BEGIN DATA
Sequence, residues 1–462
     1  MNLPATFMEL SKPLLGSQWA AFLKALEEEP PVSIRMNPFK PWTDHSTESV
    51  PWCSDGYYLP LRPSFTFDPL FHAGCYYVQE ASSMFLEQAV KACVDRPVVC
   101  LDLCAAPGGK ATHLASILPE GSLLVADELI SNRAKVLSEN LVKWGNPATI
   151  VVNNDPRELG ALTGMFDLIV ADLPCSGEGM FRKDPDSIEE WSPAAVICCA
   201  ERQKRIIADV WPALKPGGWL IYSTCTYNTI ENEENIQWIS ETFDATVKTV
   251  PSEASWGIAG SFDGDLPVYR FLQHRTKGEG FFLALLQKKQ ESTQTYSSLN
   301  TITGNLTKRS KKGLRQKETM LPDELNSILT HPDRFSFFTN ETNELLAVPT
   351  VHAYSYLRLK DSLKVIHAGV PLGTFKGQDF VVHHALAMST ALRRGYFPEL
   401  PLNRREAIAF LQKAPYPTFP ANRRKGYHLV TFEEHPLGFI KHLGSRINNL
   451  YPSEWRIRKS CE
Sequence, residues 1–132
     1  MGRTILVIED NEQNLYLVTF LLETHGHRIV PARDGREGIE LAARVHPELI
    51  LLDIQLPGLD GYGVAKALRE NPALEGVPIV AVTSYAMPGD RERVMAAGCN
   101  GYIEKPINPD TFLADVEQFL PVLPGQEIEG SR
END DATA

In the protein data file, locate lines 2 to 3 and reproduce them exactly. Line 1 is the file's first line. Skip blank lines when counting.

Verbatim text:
     1  MNLPATFMEL SKPLLGSQWA AFLKALEEEP PVSIRMNPFK PWTDHSTESV
    51  PWCSDGYYLP LRPSFTFDPL FHAGCYYVQE ASSMFLEQAV KACVDRPVVC